Tooth Extraction 


Tooth extraction may be necessary for several reasons.  Teeth may need to be removed if they are decayed or infected.  In some cases, teeth are removed prior to orthodontic procedures.  Wisdom teeth are commonly extracted.  With modern dental methods, you may only experience minor discomfort and bleeding.  Talk to your dentist about ways to make your tooth extraction experience as comfortable and relaxing as possible.

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You may need to have a tooth removed if it is infected or has a large amount of decay.  Tooth extraction may be required when root canal therapy, crowns, or fillings are not an option.  Wisdom teeth commonly need to be removed.  Wisdom teeth are the third set of molars in the back of you mouth.

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Your dentist can determine if your tooth needs to be extracted.  Your dentist will examine your teeth and gums.  X-rays will provide more information about your tooth, gum, and bone structures.

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Before removing your tooth, your dentist will numb the affected area.  A pain reliever is applied to your gum before you receive a shot of pain relieving medication.  Some people may choose to be sedated for tooth extraction.

When your gum is numb, your dentist will remove your tooth.  In some cases, a few stitches may be needed to help your gums heal after your tooth is removed.  You will probably receive some antibiotics to fight infection.  Your dentist will provide you with specific after-care instructions. 

After-care instructions usually focus on pain relief and healthy healing.  Your dentist may recommend that you place a cold pack or an ice bag on your cheek.  You should avoid activities that may hinder healing such as smoking, drinking through a straw, and vigorously brushing or rinsing your teeth.  Your dentist may recommend that you alter your diet initially to include soft foods.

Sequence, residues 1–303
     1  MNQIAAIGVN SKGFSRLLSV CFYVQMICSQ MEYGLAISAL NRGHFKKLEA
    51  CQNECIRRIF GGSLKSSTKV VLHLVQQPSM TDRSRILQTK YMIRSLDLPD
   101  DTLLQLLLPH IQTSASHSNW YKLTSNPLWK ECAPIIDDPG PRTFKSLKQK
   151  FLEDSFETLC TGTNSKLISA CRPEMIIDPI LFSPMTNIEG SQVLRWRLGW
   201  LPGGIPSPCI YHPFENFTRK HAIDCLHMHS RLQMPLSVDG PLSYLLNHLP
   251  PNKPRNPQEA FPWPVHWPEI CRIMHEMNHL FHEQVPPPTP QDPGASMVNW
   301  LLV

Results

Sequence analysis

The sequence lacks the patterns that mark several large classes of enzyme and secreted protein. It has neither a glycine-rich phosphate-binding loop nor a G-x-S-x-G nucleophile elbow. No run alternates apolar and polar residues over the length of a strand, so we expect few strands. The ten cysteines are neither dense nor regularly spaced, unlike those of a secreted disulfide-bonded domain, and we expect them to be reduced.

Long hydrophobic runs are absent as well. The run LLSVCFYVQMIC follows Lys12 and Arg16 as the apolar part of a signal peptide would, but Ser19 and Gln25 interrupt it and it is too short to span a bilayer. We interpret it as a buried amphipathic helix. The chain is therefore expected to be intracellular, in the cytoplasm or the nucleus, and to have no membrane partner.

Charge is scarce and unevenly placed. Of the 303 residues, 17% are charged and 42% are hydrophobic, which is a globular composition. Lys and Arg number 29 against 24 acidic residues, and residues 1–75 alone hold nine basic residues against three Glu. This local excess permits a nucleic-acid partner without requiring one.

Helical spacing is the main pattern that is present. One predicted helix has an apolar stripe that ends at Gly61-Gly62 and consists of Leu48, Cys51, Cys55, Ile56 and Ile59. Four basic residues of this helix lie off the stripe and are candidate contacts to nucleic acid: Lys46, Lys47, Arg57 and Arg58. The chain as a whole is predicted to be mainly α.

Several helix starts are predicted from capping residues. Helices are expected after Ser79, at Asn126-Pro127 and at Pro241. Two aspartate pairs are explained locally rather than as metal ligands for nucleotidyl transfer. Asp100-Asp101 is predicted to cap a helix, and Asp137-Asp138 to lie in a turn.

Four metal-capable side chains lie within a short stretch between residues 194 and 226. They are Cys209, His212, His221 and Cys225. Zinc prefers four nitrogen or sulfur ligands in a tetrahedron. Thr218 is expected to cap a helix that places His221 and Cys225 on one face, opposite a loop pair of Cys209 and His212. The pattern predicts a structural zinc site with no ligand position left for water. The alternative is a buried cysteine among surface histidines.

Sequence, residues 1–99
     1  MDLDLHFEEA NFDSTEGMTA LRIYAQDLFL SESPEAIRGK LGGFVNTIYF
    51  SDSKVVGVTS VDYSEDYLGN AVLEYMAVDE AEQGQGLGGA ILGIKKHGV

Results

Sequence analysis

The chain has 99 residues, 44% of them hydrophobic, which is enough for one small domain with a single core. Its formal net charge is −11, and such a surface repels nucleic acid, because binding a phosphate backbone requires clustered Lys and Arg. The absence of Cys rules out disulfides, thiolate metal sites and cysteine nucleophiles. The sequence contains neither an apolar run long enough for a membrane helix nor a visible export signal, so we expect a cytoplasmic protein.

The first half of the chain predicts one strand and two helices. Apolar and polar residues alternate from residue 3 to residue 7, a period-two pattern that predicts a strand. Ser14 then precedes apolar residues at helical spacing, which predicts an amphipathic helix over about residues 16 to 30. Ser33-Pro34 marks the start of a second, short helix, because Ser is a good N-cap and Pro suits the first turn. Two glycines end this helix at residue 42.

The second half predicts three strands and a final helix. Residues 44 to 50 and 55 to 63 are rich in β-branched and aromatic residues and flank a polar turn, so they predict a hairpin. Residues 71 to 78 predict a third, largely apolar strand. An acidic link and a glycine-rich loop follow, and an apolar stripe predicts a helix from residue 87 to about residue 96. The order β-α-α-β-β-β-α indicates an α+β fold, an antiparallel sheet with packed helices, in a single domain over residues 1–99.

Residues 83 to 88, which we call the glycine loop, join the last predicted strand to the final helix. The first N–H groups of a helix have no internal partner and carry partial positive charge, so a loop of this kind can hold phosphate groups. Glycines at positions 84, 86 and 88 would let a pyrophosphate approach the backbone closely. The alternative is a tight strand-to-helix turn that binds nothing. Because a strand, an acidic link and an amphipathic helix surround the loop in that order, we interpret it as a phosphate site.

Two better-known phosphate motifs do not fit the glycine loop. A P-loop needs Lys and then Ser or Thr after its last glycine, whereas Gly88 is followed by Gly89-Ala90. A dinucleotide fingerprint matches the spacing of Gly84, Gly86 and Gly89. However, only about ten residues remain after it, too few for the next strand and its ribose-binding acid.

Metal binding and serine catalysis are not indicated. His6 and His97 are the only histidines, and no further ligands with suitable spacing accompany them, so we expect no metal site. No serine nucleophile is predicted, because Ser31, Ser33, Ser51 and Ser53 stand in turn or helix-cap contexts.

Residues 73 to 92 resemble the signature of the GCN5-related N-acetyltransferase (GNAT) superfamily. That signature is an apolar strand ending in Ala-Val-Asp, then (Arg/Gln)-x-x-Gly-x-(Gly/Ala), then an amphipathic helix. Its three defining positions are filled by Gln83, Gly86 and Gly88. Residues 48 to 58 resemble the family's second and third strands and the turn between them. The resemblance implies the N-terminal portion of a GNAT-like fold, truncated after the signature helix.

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This information is intended for educational and informational purposes only. It should not be used in place of an individual consultation or examination or replace the advice of your health care professional and should not be relied upon to determine diagnosis or course of treatment.

The iHealthSpot patient education library was written collaboratively by the iHealthSpot editorial team which includes Senior Medical Authors Dr. Mary Car-Blanchard, OTD/OTR/L and Valerie K. Clark, and the following editorial advisors: Steve Meadows, MD, Ernie F. Soto, DDS, Ronald J. Glatzer, MD, Jonathan Rosenberg, MD, Christopher M. Nolte, MD, David Applebaum, MD, Jonathan M. Tarrash, MD, and Paula Soto, RN/BSN. This content complies with the HONcode standard for trustworthy health information. The library commenced development on September 1, 2005 with the latest update/addition on April 13th, 2016. For information on iHealthSpot’s other services including medical website design, visit